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Lost ancient symbol of Scottish nationhood could reside in North East


As an historic symbol of nationhood, it rivals the Stone of Destiny for importance in the ancient story of Scotland.

Yet almost six centuries since the Black Rood disappeared from historical record, uncertainty continues to surround its whereabouts.

Now a new book, due to be published later this year, offers a possible explanation for the fate of the artefact which gave its name to the Holyrood area of Edinburgh, on which the Scottish Parliament now stands.

Black Rood – The Lost Crown Jewel of Scotland includes a theory that the Black Rood could, in fact, be an Anglo-Saxon reliquary found in Durham Cathedral in the 19th Century, now known as St Cuthbert’s Cross.

The relic – fashioned from gold and believed to contain a fragment of the cross upon which Christ was crucified – was brought to Scotland by St Margaret, a Hungarian-born Saxon Princess of England, and wife of Malcolm III of Scotland, in the 11th century.




Originally held in Holyrood Abbey, it was removed from Scotland by Edward I of England in 1296, along with the Stone of Scone and other important symbols of Scottish nationhood.

After being returned temporarily to Scotland in 1328, it was again removed by the English following the Battle of Neville's Cross in 1346, and held in Durham Cathedral until the Reformation of 1540, when it disappeared.

Through painstaking research, historian and author David Willem has, for the first time, charted a detailed history of the Black Rood, along with two other forgotten reliquaries – the Cross Gneth of Wales and Ireland’s Cross of Cong – both of which once symbolised the independence of those nations.

While many historians have given up on trying to trace the priceless object, Mr Willem presents a potential explanation for its whereabouts.

He said: “Once as famous as the Stone of Scone, the Black Rood was a gold and jewel-studded reliquary for a piece of the True Cross.

“Giving its name to the abbey and then the palace and now the parliament of Holyrood, the Black Rood was to help define Scotland as a kingdom which was at least the equal of England in the eyes of God, and in some ways superior to it.

“Gifted to Durham Cathedral after the Scots’ defeat at the 1346 Battle of Neville’s Cross, it disappeared in the 16th century and historians have largely given up on it.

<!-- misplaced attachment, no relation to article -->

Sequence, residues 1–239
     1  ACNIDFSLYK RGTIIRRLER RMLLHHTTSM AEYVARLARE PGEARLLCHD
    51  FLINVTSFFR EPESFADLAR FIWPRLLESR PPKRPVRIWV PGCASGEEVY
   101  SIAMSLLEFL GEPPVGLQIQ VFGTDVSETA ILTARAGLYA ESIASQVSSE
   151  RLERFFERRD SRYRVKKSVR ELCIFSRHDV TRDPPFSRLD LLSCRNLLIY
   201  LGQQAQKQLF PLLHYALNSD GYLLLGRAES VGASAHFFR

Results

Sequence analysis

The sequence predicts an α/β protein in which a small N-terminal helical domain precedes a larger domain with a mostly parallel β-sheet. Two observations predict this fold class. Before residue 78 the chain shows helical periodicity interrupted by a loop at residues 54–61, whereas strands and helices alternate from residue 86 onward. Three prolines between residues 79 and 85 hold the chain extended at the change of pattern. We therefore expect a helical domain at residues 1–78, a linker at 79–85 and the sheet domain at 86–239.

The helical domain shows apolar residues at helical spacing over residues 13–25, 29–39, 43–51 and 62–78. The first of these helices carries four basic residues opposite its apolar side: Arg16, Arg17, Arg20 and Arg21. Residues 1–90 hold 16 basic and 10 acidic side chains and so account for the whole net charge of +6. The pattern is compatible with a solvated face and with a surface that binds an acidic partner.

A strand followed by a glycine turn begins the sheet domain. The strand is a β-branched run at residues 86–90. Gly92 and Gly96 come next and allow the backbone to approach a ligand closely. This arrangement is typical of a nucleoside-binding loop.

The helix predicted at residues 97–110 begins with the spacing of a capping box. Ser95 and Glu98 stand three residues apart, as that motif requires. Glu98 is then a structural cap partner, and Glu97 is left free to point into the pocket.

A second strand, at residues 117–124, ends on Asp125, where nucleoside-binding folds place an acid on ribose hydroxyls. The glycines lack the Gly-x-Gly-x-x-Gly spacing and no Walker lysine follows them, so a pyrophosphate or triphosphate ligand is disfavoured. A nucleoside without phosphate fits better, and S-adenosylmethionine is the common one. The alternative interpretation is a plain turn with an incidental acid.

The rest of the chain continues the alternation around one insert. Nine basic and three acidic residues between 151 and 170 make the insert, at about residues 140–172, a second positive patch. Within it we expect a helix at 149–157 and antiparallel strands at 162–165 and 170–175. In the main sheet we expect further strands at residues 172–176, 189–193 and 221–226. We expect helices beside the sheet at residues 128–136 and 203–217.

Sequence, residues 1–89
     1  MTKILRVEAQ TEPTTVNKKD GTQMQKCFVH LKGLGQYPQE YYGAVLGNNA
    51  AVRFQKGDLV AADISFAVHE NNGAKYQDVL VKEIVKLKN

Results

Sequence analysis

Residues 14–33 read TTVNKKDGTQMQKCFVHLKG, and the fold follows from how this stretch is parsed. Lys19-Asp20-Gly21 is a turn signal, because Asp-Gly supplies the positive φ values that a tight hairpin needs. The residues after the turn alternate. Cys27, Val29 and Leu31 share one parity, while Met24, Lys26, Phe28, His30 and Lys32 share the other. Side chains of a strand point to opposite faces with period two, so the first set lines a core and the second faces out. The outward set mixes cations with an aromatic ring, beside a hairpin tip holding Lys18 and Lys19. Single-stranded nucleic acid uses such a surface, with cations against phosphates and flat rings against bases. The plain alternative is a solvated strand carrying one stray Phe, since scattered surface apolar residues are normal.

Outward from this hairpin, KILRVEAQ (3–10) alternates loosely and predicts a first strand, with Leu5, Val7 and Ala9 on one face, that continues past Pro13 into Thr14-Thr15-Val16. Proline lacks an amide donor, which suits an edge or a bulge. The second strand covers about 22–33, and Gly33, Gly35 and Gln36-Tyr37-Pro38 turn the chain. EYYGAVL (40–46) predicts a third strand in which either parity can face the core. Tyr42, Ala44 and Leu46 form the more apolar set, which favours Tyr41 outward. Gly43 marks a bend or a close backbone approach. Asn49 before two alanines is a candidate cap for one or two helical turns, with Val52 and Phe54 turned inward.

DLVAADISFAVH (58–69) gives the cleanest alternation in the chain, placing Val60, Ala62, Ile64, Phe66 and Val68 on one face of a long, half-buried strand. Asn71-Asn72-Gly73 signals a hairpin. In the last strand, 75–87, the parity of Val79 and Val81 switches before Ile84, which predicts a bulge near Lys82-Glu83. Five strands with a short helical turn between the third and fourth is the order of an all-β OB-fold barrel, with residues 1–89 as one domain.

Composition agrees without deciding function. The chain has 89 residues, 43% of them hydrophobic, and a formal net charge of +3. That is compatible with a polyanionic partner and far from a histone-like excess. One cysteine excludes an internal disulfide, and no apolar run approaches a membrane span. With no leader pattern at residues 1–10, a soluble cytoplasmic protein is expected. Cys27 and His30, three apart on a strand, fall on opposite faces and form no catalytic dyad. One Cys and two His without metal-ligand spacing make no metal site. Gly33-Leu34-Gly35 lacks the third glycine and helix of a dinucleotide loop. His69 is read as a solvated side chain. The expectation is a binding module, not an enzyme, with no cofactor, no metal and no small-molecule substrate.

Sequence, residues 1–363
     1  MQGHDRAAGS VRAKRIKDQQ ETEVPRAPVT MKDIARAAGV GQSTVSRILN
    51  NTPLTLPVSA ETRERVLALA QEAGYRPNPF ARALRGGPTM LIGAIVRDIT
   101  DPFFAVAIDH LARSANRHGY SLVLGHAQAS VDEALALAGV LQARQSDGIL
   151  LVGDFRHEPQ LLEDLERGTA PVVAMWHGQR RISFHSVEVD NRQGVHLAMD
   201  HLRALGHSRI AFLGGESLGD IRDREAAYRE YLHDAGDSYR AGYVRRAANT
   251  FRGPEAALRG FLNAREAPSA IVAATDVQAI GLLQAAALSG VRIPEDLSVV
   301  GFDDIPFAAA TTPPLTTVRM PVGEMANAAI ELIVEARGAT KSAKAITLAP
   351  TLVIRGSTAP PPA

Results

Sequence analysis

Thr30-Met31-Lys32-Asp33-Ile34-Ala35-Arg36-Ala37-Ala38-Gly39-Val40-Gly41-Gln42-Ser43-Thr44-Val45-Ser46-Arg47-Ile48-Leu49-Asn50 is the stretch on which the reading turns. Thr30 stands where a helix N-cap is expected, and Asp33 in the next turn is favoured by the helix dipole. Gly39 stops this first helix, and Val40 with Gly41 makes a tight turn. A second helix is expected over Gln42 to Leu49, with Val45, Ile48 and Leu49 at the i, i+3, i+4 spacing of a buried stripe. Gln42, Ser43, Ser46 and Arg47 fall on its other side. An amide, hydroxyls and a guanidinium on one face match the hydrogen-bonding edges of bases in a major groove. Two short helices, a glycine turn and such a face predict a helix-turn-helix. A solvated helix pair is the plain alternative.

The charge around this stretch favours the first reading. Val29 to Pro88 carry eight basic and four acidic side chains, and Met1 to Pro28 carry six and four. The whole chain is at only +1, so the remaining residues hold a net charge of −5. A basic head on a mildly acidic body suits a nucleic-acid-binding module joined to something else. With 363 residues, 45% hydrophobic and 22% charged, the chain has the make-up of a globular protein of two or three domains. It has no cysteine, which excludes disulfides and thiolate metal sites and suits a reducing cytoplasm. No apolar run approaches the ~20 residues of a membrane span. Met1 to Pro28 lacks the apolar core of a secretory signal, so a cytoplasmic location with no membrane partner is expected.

“I’m not so sure that an object of such importance could simply vanish and, during my research, I began to look for clues as to its possible whereabouts.

“With such a scarcity of evidence, all an historian can do is hypothesise but there are some indicators which suggest it could be what we now know as the St Cuthbert’s Cross.”

The author, who has previously written a history of St Cuthbert’s Corpse, began researching the history of the Black Rood in 2019.

He said: “During the period of the Edwardian Plantagenets, the story of the Black Rood becomes impossible to follow.

“With Robert the Bruce destroying all Edward I’s achievements and aspirations in Scotland, it would have been impossible to honour the Black Rood as a symbol of England’s destiny to rule Scotland.

“All that is certain is that the Black Rood had been placed on display in Durham Cathedral by 1383, when it was noted there on the shrine keeper’s inventory.

He added: “There was also a local tradition, recorded 200 years later, that its presence in Durham had something to do with the English victory over the Scots at the 1346 Battle of Neville’s Cross which took place just outside the city.

“There is a few scenarios that could explain its trajectory through these years, but the original parity given to the Croes Gneth and the Black Rood by Edward I suggests an answer.

“In 1346, Edward III had committed to invading France in pursuit of his rights over the French crown and his territories there. In preparation for this audacious undertaking, he called up the Black Rood from his treasury to be kept by his side.

“The first battle of the invasion, at Crecy, was spectacularly successful, and with the counterattack by France’s ally King David II of Scotland defeated at Neville’s Cross, Edward III had achieved two dizzying victories in the space of two months.

“It seems likely that in celebration of these two victories Edward III divested himself of his grandfather’s twin reliquaries of the True Cross.

“The Black Rood was gifted to Durham to mark the victory at Neville’s Cross, while the Croes Gneth, in recognition of Crecy, became the founding relic of the Order of the Garter in what was to become St George’s Chapel in Windsor Castle.”

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